B.C. Finance Committee’s budget recommendations are encouraging

Blog - Nov. 18, 2014 - By Matt Horne

Kudos to B.C.’s Select Standing Committee on Finance and Government Services: while they likely won’t win a catchy-name award, the committee’s six Liberal and four NDP members have made six constructive climate and clean energy-focused recommendations for B.C.’s 2015 budget. The recommendations, released in the Committee’s recent report, deserve some recognition.

I appreciate the committee’s recommendations for three reasons:

  1. The Committee recognizes the good building blocks already in place from B.C.’s Climate Action Plan and recommends using the provincial budget as an opportunity to move elements of that plan forward.
  2. They highlight the economic potential of further climate action, which is often overlooked. While the environmental challenges of climate change are obviously important, many technical and policy solutions also represent beneficial economic opportunities.
  3. They provide some forward-looking ideas for the carbon tax, including the recommendation to consider broadening its coverage. It also took a constructive approach in dealing with industry’s competitiveness concerns by recommending approaches that preserve the carbon tax’s incentive to cut carbon pollution. This is much better than introducing carbon tax exemptions to address competitiveness concerns, which the Committee has recommended in the past.

Finance Minister de Jong will have the final say on which of these recommendations are included in the 2015 budget. My general recommendation would be the same one that I made in a presentation to the Committee in September: Use the provincial budget as one of the tools to advance Climate Action Plan 2.0. That advice still holds and the Committee has offered a number of ideas that would help to move the budget in that direction.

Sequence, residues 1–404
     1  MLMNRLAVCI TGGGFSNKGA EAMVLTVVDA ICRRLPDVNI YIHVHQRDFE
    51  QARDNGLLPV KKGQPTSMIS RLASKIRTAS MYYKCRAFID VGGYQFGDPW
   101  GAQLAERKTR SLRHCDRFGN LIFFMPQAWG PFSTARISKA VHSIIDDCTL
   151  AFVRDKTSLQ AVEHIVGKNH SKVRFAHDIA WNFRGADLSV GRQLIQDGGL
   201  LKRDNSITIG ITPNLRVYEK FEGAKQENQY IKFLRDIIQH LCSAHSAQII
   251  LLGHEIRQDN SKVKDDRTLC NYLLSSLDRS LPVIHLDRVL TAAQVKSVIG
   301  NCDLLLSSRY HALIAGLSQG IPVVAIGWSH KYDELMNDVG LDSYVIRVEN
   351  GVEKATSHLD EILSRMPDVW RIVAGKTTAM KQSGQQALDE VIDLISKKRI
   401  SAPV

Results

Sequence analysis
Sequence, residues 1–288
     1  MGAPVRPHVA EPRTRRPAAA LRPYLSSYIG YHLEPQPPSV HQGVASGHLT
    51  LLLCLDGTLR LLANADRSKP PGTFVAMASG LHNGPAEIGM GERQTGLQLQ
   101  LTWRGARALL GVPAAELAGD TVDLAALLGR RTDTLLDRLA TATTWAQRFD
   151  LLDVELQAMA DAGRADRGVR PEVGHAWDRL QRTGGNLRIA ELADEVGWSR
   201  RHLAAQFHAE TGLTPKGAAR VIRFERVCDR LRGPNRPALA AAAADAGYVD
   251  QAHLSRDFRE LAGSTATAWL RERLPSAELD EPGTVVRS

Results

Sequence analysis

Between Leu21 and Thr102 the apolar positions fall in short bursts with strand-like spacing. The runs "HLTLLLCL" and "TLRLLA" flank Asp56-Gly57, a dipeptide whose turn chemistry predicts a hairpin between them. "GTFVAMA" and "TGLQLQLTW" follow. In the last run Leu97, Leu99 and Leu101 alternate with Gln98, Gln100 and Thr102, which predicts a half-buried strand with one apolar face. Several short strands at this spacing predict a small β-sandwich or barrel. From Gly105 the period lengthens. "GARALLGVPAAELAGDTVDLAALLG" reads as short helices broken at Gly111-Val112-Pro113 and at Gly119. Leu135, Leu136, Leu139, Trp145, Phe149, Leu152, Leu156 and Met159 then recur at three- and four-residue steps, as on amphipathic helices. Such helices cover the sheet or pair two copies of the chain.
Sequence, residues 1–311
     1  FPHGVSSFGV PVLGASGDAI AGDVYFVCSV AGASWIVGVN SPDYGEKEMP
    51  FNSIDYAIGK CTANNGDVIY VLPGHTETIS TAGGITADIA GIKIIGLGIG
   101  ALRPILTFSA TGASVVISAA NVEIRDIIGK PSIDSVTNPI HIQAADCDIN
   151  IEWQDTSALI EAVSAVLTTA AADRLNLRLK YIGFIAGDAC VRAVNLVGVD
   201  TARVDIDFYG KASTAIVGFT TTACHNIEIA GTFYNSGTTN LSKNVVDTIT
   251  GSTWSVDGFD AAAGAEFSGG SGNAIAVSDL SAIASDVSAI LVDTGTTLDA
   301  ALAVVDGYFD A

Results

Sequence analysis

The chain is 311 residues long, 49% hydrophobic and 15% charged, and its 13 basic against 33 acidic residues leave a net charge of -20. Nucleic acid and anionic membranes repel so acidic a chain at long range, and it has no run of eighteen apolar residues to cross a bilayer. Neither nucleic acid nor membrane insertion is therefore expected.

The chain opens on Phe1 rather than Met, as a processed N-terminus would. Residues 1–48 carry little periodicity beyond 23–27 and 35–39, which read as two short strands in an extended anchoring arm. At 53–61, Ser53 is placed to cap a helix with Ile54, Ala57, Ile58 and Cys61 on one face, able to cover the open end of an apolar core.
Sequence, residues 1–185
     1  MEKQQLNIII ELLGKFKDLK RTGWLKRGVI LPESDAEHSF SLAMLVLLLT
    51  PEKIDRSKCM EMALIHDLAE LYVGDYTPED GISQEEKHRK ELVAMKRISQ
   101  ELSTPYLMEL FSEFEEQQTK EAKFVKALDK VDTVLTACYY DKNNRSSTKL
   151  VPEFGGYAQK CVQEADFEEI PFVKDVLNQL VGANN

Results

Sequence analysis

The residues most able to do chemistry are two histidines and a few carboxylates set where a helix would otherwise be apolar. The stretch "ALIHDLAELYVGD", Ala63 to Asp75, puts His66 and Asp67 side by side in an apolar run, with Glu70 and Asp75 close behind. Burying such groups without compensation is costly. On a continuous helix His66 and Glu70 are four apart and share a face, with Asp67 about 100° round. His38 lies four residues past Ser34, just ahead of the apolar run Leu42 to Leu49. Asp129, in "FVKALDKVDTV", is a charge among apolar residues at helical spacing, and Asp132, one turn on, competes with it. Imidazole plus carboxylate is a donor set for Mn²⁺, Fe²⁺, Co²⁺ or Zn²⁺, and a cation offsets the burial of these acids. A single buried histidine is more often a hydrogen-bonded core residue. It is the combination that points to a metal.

Here are the Committee’s climate and clean energy recommendations, in its own words,:

  1. Embrace a clean energy and energy conservation strategy and build upon the success of the clean energy sector and programs (e.g., LiveSmart BC and Innovative Clean Energy Fund) to enable B.C. economic development, with prominent participation by First Nations.
  2. Review the small business venture capital program budget to promote greater venture capital investment in early-stage tech companies, and seek a partnership with the federal government to help support the expansion of the technology sector by leveraging private investment to enhance necessary venture capital.
  3. Secure long-term, stable funding for public transit and transportation infrastructure identified in the Provincial Transit Plan and regional plans.
  4. Provide incentives for greater use of electric vehicles, including purchase rebates, provincial sales tax exemptions, and financial support for the installation of chargers in homes and businesses.
  5. Consider a plan to apply the carbon tax to measurable carbon emissions which are currently omitted from coverage.
  6. Identify options, consistent with the purpose of incenting greenhouse gas reduction, that mitigate the impacts on domestic manufacturers and producers (such as the cement industry and agriculture) who face inequitable competition from imports.

Matt Horne
Matt Horne

Matt Horne was the Pembina Institute's associate regional director for British Columbia until 2016.


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